[Updated links 30nov05:
[From a colleague:] The University of Kansas is flexing its anti-religion muscle again, this time by announcing the introduction of a new course in the Religion department: “Creationism, Intelligent Design and Other Religious Mythologies.”
To be taught by a professor of religion, no scientists allowed. God forbid that the students would hear both sides of a controversy presented in their strongest terms by experts.
When protestations arise from those who sense a somewhat disengenuous linking of ID (or creationism) with Mythology, the Provost self-righteously says, “The course title is not meant to offend any religion or belief, KU Provost David Shulenburger said Tuesday. He explained in a written statement that Ã¢â‚¬Å“mythÃ¢â‚¬Â and Ã¢â‚¬Å“mythologyÃ¢â‚¬Â are common in the academic study of religion.”
Right. They know well how to manipulate with slippery terms… they’ve had plenty of practice with “evolution.”
It’s this kind of activity that should stir some legislators to question the extent to which Kansas taxpayers should be funding State-spoonsored faith-bashing.
I have a solution: Let them change the name to “Creationism, Evolutionism and Other Relligious Mythologies.” Now THAT’S a little more balanced.
PS. A very telling comment from Boo Tyson of the Mainstream Coalition (a political action group in Kansas City set up to ‘out’ political candidates with hidden, right-wing agendas): “I think itÃ¢â‚¬â„¢s a sign of weak faith to try to prove your faith.Ã¢â‚¬Â So any faith based in fact is a weak faith; the more the objective evidence supports your belief system, the more illigical it is to embrace it. Facts are the enemy of faith. Now that’s a sign of the times.
Use of Ã¢â‚¬ËœmythologiesÃ¢â‚¬â„¢ questioned
Intelligent design backers criticize KU course title
By LAURA BAUER
The Kansas City Star
November 23, 2005
Months before a University of Kansas religion course is even taught, its title has riled some who say the school is acting the spoil sport in the evolution debate.
The course, Ã¢â‚¬Å“Special Topics in Religion: Intelligent Design, Creationism and other Religious Mythologies,Ã¢â‚¬Â will be offered next semester. The goal, university officials say, is to open students up to the many cross-cultural stories of how the world was created.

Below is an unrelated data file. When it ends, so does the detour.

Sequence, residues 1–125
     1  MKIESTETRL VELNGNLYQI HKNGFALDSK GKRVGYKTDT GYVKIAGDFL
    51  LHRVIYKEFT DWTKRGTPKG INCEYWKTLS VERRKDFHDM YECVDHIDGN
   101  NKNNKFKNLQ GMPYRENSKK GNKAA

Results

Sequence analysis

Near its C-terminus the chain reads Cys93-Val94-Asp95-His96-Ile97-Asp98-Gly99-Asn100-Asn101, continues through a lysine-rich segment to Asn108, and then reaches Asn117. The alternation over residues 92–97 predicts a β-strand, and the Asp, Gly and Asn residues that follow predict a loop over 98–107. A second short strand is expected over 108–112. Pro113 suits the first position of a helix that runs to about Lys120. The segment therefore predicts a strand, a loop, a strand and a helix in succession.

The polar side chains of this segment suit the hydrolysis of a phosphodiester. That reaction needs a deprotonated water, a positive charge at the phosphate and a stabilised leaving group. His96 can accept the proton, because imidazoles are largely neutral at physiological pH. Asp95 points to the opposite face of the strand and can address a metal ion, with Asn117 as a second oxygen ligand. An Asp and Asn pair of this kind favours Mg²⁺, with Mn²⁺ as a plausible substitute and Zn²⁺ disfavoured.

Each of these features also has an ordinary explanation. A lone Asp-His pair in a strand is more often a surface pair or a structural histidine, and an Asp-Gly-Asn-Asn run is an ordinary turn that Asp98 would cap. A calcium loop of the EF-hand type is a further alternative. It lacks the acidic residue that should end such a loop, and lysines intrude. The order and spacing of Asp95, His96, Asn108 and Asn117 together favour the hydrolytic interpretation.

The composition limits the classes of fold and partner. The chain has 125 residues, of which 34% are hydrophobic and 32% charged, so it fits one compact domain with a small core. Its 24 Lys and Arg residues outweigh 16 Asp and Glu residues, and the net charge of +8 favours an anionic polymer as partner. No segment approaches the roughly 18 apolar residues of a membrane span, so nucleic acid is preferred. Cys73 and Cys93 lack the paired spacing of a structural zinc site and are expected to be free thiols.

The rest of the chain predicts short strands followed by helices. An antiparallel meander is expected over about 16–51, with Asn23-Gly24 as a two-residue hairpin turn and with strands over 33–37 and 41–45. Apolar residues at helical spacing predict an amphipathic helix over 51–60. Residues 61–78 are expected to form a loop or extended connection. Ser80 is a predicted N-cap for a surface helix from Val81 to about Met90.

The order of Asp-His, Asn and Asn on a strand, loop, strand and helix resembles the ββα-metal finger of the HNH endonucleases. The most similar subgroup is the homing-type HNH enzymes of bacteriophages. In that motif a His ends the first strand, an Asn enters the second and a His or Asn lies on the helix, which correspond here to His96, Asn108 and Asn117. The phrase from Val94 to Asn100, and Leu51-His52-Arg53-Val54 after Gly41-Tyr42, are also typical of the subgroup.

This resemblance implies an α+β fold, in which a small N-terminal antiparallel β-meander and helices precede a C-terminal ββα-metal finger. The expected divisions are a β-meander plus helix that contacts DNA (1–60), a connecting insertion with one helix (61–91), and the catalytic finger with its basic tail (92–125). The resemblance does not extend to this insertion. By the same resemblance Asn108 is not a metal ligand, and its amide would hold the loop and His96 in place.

Those in the intelligent design camp believe it is just KUÃ¢â‚¬â„¢s way of degrading the concept. Intelligent design is the belief that some aspects of nature show evidence of being designed by a creator.
Ã¢â‚¬Å“All of a sudden, just from the title, intelligent design is being put in there with mythology,Ã¢â‚¬Â said Bruce Simat, an associate biology professor at MinnesotaÃ¢â‚¬â„¢s Northwestern College, who testified on behalf of intelligent design at Kansas hearings in May.
Ã¢â‚¬Å“I think itÃ¢â‚¬â„¢s reactionary. I think itÃ¢â‚¬â„¢s defensive. I think they are unwilling to study intelligent design head-on.Ã¢â‚¬Â
For months, Kansas has been embroiled in controversy over what the state should teach its children in the science classroom. Earlier this month, the state board of education adopted new standards that allow for nonnatural explanations and cast doubt on Charles DarwinÃ¢â‚¬â„¢s theory of evolution.
The course title is not meant to offend any religion or belief, KU Provost David Shulenburger said Tuesday. He explained in a written statement that Ã¢â‚¬Å“mythÃ¢â‚¬Â and Ã¢â‚¬Å“mythologyÃ¢â‚¬Â are common in the academic study of religion.
The course will accommodate as many as 120 students. They will be introduced to many different creation stories and be able to make up their own minds on what they believe, university officials say.
What worries John Calvert, an attorney and managing director of Johnson CountyÃ¢â‚¬â„¢s Intelligent Design Network, is whether the course instructor will be educated in the science behind intelligent design.
Ã¢â‚¬Å“Ã¢â‚¬Â¦ People will be misled and buy the lie,Ã¢â‚¬Â Calvert said. Ã¢â‚¬Å“But the public is going to see whatÃ¢â‚¬â„¢s going on. WeÃ¢â‚¬â„¢re not all fools. Misinformation has a finite life.Ã¢â‚¬Â
But some, in addition to faculty members at KU, think the class is a good thing.
Boo Tyson of the Mainstream Coalition said she likes that the topic is being taught in a religion curriculum.
Ã¢â‚¬Å“It may be right way to go about this. LetÃ¢â‚¬â„¢s have this discussion in religion classes,Ã¢â‚¬Â Tyson said. Ã¢â‚¬Å“I donÃ¢â‚¬â„¢t think creationism or intelligent design belongs in a science classroom. I think itÃ¢â‚¬â„¢s a sign of weak faith to try to prove your faith.Ã¢â‚¬Â
Tyson said that after the course, students should be able to decide for themselves where they fall in the debate.
The nonpartisan coalition, based in Johnson County, works to maintain the separation of church and state.
Shulenburger said the course allows the university to fulfill its obligation to the community and students.
Ã¢â‚¬Å“My concern is that our faculty feels free to go to their disciplines and teach from them on any subject,Ã¢â‚¬Â Shulenburger said. Ã¢â‚¬Å“Regardless of the controversy associated with it.Ã¢â‚¬Â
To reach Laura Bauer, call (816) 234-7743 or send e-mail to email@example.com.